Once you know with which project you will start and what test cases you want to automate, you will need to perform a set of activities as if you would start your own small software project. Treat it as a real software project.
It turned out to be helpful to have experienced experts on your team while setting up everything for the first time. Not for long, just long enough to have everything in place, working and accepted by everyone.
External experts are useful not only with their expertise but also by being what they are, external. They do not have to follow any internal political discussion, etc. Their advice is seen as what it really is: Not based on opinions but experience. And everybody is happy to accept or at least consider such advises.
Talk to us today. Not only do we provide a complete new approach to test automation but we can help you getting everything setup.
Budget and Staff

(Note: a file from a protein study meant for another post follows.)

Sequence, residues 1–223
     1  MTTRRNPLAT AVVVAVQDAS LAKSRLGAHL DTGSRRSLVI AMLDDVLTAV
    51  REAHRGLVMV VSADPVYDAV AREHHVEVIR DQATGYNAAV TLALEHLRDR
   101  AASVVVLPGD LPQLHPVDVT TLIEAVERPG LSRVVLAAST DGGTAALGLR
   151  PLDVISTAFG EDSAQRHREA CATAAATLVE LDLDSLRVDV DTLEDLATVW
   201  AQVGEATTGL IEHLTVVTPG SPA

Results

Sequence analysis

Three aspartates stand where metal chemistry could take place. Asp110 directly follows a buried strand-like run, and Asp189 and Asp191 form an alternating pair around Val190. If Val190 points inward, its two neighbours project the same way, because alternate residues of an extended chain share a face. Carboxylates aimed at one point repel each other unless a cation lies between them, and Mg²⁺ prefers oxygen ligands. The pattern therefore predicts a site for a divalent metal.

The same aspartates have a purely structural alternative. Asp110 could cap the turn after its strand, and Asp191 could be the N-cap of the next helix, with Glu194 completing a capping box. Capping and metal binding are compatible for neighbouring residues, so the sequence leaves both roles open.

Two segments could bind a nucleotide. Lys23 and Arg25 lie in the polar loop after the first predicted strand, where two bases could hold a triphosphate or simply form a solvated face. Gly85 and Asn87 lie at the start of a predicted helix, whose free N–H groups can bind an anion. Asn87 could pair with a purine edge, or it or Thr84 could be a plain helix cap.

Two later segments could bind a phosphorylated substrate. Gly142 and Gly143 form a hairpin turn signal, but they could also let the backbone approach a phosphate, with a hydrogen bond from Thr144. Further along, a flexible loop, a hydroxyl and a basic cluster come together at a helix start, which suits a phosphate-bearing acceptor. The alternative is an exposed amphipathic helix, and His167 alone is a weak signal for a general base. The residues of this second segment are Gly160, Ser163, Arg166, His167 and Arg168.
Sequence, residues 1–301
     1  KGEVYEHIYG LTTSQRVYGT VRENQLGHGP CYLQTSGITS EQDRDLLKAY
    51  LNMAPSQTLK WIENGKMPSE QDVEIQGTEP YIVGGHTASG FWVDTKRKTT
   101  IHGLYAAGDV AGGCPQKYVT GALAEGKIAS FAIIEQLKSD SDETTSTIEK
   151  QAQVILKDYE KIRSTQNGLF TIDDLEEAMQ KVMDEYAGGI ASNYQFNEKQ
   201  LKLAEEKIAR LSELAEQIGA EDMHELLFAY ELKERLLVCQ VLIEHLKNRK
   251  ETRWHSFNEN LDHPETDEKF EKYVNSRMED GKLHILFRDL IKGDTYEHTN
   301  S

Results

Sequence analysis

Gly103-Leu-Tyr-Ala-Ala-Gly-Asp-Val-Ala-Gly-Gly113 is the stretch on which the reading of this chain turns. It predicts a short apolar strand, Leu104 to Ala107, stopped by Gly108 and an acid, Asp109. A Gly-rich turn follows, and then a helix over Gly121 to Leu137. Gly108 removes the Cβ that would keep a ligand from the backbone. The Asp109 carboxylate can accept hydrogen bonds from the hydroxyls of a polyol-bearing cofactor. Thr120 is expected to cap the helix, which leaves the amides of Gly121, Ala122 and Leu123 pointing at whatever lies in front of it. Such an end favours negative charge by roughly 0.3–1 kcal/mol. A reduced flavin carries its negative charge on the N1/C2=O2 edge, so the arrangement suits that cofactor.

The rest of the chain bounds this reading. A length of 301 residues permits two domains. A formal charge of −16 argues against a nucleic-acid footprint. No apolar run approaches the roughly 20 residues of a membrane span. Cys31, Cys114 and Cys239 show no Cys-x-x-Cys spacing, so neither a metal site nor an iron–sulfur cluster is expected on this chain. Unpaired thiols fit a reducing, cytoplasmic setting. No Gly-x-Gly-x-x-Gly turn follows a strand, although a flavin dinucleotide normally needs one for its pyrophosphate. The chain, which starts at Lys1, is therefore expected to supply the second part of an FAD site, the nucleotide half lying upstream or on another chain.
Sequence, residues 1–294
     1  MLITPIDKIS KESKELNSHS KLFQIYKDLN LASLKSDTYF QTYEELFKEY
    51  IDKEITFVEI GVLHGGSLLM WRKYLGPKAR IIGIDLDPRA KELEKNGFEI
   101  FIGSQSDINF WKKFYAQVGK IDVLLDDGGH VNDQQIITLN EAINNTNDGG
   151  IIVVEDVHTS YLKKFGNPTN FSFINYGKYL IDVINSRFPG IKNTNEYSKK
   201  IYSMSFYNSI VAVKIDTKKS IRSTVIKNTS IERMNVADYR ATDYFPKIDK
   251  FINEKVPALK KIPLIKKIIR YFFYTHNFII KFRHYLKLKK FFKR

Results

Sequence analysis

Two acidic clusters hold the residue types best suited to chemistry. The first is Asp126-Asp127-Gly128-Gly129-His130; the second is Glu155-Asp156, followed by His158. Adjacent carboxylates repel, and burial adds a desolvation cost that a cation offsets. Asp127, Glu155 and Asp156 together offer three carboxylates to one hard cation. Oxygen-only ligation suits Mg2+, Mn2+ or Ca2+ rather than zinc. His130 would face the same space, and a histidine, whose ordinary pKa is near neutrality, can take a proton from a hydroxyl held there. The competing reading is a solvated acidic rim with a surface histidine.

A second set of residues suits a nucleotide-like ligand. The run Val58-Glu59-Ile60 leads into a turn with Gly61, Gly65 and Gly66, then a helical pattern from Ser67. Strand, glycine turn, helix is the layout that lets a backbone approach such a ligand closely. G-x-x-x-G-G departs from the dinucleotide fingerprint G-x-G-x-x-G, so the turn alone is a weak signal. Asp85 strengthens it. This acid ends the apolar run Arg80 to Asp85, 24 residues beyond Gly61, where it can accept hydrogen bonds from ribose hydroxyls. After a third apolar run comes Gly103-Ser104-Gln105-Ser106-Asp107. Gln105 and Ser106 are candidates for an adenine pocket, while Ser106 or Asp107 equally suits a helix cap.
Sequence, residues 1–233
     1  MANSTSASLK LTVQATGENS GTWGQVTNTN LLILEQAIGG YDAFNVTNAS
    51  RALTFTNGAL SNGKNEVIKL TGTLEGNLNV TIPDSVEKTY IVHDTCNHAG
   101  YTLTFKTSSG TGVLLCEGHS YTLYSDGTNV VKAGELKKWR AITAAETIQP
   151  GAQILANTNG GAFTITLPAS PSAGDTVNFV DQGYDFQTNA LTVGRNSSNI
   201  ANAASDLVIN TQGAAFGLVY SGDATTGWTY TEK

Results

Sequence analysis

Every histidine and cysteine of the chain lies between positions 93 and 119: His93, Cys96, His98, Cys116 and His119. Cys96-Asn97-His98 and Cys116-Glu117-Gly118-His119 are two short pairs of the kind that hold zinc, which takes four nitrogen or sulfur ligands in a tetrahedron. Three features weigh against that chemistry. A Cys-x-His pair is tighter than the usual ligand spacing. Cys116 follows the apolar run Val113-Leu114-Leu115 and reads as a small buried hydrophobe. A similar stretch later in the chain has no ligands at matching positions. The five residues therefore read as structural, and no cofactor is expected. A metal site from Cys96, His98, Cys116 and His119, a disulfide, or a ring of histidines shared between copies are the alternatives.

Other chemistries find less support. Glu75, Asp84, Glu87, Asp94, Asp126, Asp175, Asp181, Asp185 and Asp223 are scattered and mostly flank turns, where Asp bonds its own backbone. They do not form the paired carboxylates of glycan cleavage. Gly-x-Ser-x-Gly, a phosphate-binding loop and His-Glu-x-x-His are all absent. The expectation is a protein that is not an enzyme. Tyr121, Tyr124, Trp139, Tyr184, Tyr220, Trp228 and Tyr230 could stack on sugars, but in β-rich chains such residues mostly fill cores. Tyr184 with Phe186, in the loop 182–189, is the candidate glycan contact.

The biggest mistake people make when approaching test automation is believing that it can be done within the current budget. That is a big misconception. First of all you need to consider that you will need to allocate either yourself or a team of people for your small trial project. I believe it’s needless to say that, people cost money ?. Second of all, you will need to invest in tooling which will support your test automation attempt. Third of all, most likely you will need to invest in new infrastructure or a cloud infrastructure service to host your test environments, reporting service etc. Naturally, there are more items you can think and therefore it is important that you don’t underestimate the budget. Even with your proof of concept it would be a big pity to burn all your money and not have any meaningful results to show to the higher management.